Remember you must do both parts of the assignment as no mark will be awarded if only one part is submitted.

Responsibility for ability to complete this assignment

In Part 2 (December) we will expect you to say how and why what you wrote for Part 1 has been developed or challenged. NB This is not a forum for you to give feedback on lectures and seminars (you can do that online via my.wbs). Even if you find the lectures and seminars unhelpful (which we hope won't be the case of course) you will be expected to have done the core reading which would assist your independent learning sufficiently to answer this question well. So, it is your responsibility to have read, learnt and reflected sufficiently throughout the 9 weeks of the module to be ready to attempt Part 2 in December. We hope you find having this task to do useful in structuring, motivating and timing your learning.

Feedback

This is really one piece of work as part one is set in order to give you something to use as a marker of your starting point which you will now use to help you reflect on your learning over the past few weeks. Therefore you have not received any feedback on Part 1 separately. Our feedback to you will come early in Term 2 based on our marking the two parts together as one piece of work.

Question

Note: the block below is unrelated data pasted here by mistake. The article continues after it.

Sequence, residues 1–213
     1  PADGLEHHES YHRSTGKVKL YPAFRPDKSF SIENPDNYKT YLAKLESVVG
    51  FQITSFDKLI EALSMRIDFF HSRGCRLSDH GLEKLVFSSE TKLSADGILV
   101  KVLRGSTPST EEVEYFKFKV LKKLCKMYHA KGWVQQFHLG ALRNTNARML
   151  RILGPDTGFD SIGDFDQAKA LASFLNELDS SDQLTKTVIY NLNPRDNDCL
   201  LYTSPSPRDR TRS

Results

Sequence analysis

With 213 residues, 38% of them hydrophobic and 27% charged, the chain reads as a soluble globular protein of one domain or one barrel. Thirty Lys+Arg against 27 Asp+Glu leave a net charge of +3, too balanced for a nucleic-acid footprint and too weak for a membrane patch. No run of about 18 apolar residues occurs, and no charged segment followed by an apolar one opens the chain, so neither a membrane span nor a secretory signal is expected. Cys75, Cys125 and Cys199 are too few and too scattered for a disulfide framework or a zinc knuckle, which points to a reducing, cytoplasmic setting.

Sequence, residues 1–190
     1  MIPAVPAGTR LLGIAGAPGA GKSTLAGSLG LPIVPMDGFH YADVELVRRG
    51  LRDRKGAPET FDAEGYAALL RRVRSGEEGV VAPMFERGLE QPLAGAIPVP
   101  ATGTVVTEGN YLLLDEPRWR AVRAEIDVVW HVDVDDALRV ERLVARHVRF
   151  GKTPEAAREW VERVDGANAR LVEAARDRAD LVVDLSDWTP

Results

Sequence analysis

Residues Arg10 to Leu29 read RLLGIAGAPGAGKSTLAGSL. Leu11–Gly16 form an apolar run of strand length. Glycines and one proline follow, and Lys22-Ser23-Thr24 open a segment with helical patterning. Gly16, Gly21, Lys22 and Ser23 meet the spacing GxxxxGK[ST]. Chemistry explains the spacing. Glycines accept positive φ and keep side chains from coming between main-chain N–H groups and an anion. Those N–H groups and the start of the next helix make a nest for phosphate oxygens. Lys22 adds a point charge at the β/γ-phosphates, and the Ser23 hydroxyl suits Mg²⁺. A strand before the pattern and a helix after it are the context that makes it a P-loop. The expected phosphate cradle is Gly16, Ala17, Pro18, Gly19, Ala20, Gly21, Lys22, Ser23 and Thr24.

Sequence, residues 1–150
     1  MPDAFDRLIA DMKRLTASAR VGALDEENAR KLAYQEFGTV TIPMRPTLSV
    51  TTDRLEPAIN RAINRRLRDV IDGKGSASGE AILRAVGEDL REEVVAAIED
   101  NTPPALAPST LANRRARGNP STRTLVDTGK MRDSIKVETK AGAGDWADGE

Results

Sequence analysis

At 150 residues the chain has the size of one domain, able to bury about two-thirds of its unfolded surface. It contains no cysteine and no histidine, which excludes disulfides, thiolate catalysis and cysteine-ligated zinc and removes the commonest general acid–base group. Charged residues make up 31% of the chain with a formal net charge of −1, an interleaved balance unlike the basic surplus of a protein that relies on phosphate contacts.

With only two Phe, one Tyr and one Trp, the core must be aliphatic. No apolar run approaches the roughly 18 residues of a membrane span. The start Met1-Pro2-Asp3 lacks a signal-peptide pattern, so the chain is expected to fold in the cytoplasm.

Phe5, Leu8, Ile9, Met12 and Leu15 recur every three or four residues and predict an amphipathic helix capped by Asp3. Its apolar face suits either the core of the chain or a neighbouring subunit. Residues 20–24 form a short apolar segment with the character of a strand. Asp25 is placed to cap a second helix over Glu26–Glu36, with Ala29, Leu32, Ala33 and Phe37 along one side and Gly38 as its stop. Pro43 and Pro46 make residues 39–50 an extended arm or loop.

"The accounting profit figure is simply a measure of the true profit of an organisation."

Required

Discuss this statement, ensuring in doing this you explicitly reflect on how you have begun to think critically about different aspects of this statement during the learning you have done for this module.

Required (further elaboration):

In Part 1 you wrote what you know about accounting profit in October 2010.

As a result of the learning you have done for this module it is expected that you should now be in a position to critically explore, or analyse, this statement further than you did in October. We anticipate that at the very least you will be able to see that the italicised words in the statement:

"The accounting profit figure is simply a measure of the true profit of an organisation."

have been questioned and further unpacked in different ways across the module. Indeed we hope you have been noting and tracking this as the module progressed.

Key aspects of this task:

Demonstration of critical thinking

Explaining how the questioning facilitated by the module, and explaining how encountering the new information you have engaged with through lectures, seminars, and reading, has enabled you to think further about the key terms and claims in this statement is at the heart of the task you are being set here. Do not simply state that you have been enabled to think further and leave that claim unsupported. You must demonstrate that you can think further about this by taking an example or a few examples of what you have learnt/explored to support this point.